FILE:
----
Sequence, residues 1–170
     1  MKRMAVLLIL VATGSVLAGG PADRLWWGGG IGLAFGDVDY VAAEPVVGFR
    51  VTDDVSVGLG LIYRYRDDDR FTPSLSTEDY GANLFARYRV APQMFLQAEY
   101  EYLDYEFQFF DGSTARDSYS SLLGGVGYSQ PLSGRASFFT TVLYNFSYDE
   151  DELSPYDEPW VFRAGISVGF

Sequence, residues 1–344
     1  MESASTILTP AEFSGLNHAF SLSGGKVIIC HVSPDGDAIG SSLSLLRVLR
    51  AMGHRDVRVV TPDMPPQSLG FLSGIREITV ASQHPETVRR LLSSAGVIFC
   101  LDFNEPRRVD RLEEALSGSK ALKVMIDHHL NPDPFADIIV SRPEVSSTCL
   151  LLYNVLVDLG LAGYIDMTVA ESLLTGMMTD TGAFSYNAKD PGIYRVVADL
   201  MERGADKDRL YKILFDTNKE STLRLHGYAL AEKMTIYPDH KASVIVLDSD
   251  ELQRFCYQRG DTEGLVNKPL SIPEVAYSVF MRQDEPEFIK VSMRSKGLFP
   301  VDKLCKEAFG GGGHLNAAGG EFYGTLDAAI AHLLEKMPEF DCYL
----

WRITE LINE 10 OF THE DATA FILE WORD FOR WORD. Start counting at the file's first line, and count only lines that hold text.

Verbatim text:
   151  LLYNVLVDLG LAGYIDMTVA ESLLTGMMTD TGAFSYNAKD PGIYRVVADL